Report: Pa. hospital mixups meant babies got wrong breast milk, treatments
New parents: Did the hospital temporarily label your newborn with the first name of "Babyboy" or "Babygirl"? If so, double-check the label when nurses give you a bottle of breast milk. There is a small chance that the milk came from another mother.
New parents: Did the hospital temporarily label your newborn with the first name of "Babyboy" or "Babygirl"?
If so, double-check the label when nurses give you a bottle of breast milk. There is a small chance that the milk came from another mother.
A new study by the Pennsylvania Patient Safety Authority found 1,234 misidentification "events" involving babies born at hospitals and birthing centers in the state in 2014 and 2015, averaging about two a day.
In almost all cases, there was no harm to the baby, generally because providers caught the mistake before it led to any incorrect treatment. But in five cases, a newborn experienced harm, according to the study by the state agency. These included several instances of a baby receiving a bottle of breast milk that came from another mother, and one case of a circumcision being performed without the parents' consent.
In keeping with state law, the report did not identify any hospitals by name, nor did it specify the nature of the harm involving breast milk.
Ordinarily, milk from a different mother would not cause harm, though there is a small chance of transmitting an infectious disease, said Katja Pigur, director of breastfeeding services at the Maternity Care Coalition, a Philadelphia nonprofit that focuses on maternal and child health.
Given the infrequency of wrong-baby events to begin with, she said, the chance of any disease transmission from a mother to someone else's baby is low.
"I think this is a very rare occasion that that would happen," Pigur said.
Hospitals generally keep the baby with the mother as much of the time as possible, but errors are more likely to arise with newborns who must spend time in the intensive care unit, the report suggests.
Nearly three-fourths of the 1,234 events involved procedural errors, such as mislabeled blood specimens, unlabeled urine samples, and X-rays being ordered for the wrong patient (but caught in time).
An additional 10 percent of the events involved general misidentification errors, such as mismatched ID bracelets on the mother and child and "transferring issues such as the wrong newborn taken to the parents," the report stated.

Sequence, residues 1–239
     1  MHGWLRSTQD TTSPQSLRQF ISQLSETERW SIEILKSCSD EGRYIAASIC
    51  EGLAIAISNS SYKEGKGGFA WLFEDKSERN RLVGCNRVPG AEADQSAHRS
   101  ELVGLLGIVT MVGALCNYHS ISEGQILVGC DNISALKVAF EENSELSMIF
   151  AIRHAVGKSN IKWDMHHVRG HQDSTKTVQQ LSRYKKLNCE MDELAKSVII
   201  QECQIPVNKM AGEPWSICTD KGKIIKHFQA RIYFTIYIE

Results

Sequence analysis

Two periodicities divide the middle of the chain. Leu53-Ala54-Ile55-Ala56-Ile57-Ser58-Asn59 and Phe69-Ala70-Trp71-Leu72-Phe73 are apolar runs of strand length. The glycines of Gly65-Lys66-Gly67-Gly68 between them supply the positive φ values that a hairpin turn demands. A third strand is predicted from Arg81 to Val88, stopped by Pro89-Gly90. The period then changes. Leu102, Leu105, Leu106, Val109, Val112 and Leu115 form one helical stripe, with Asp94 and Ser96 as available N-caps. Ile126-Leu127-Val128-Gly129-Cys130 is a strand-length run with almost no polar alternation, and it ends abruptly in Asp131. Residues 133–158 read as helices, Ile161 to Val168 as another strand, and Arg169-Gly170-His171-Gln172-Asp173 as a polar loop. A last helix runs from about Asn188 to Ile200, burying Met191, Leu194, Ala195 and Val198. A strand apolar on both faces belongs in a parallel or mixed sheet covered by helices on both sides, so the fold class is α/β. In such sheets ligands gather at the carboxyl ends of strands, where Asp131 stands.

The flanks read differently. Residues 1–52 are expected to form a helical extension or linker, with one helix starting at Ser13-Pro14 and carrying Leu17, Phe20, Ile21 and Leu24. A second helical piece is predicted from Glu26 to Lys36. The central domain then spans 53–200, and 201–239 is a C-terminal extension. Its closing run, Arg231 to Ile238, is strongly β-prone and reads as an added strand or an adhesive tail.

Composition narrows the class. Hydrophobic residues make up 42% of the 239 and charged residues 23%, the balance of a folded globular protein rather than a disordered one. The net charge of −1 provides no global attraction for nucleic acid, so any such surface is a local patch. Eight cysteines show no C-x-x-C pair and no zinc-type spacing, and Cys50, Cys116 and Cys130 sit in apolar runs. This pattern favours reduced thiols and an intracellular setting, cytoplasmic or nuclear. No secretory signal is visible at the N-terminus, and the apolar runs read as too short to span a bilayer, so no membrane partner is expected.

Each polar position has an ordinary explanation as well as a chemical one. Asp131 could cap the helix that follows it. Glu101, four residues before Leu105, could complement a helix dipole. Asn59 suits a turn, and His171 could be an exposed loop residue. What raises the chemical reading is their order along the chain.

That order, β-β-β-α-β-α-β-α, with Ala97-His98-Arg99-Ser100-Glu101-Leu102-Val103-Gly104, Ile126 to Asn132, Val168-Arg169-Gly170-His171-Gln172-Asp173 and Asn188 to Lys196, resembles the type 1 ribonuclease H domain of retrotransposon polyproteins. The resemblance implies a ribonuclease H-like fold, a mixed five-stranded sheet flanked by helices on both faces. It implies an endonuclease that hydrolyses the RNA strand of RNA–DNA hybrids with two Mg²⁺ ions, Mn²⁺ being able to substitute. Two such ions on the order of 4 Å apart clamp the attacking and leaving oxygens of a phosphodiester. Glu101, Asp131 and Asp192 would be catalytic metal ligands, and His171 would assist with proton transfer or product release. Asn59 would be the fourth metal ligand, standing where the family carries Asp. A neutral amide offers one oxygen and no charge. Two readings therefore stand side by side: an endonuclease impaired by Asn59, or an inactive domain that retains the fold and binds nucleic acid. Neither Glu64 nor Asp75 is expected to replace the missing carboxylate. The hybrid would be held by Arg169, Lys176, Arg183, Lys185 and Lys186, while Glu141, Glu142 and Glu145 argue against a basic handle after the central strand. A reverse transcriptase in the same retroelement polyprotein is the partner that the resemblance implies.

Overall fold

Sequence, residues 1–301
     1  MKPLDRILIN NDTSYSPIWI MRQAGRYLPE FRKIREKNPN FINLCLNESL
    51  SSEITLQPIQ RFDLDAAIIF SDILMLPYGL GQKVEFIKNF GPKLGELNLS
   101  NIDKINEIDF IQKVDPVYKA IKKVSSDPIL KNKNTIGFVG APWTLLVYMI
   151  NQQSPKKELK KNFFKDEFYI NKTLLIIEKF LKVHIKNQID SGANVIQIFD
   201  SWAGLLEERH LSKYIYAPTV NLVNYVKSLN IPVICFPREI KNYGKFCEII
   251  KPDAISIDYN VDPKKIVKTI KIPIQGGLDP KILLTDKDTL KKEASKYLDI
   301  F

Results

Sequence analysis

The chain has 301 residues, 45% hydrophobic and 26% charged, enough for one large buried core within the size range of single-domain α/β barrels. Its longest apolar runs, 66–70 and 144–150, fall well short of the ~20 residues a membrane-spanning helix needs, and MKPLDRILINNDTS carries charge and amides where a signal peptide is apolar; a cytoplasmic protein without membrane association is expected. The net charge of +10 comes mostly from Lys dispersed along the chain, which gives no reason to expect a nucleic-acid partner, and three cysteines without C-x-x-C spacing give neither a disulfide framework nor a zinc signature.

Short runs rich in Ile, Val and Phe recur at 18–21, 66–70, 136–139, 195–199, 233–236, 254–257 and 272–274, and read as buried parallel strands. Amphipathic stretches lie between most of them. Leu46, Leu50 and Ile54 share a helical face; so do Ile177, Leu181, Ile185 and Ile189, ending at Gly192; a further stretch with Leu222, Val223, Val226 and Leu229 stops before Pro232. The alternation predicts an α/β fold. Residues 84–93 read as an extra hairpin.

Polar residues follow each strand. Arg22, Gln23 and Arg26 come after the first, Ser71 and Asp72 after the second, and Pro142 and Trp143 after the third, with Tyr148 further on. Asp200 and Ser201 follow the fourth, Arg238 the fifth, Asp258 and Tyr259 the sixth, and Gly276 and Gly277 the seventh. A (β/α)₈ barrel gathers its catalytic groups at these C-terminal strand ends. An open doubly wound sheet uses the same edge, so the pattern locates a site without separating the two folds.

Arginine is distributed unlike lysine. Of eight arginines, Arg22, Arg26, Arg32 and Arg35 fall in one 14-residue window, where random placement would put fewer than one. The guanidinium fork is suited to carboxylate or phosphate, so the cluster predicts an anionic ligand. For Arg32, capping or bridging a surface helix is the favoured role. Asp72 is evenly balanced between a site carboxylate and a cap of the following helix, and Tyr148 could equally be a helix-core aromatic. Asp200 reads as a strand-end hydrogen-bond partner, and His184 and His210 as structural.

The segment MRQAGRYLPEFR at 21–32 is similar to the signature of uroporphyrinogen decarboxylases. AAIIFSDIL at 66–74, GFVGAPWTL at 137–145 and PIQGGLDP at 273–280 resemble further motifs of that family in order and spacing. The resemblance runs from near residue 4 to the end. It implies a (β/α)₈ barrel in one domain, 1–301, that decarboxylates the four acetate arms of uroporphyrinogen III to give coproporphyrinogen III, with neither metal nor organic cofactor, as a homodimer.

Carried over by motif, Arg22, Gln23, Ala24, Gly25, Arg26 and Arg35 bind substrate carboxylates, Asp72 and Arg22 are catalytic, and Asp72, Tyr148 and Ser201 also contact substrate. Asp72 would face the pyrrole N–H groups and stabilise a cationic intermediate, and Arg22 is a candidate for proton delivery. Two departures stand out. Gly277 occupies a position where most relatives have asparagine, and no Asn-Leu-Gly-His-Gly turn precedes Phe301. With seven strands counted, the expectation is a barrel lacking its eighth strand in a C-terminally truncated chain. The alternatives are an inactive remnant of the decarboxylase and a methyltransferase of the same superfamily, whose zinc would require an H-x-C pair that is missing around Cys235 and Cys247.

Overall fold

The report found 89 cases of breast milk administration "mishaps" during the two-year period, including cases in which babies got milk from a different mother. Authors also identified 110 medication events, including giving the wrong drug to a patient, though most errors were caught in time. For instance, one pharmacist noticed that a baby's weight did not match what was on a prescription order and flagged the problem to caregivers.
No babies went home with the wrong parents.
Michael J. Consuelos, senior vice president for clinical integration at the Hospital and Healthsystem Association of Pennsylvania, said hospitals in the state take lots of steps to avoid errors.
These include promptly giving them their own electronic health records and using bar codes for unique identification.
"Hospitals strive to eliminate every possible source of patient harm, and the report suggests that newborn identify checks and double-checks are catching almost all identification problems before they impact patient care," Consuelos said.
Authors of the report suggested a variety of preventive measures, many of them already common:
Rather than identify a baby as "Babygirl Jackson," hospitals should use temporary first names based on the mother's first name, such as "Wendysgirl Jackson," to avoid confusion if there are multiple babies with similar last names.
Place newborns with similar last names in a different pod.
Use ID bracelets with unique identifier technology, such as bar codes or radiofrequency tags.
Apply such bracelets to two sites, such as wrist and ankle.
Check multiple identifiers before entering information into the patient's medical record.
firstname.lastname@example.org 215-854-2430 @TomAvril1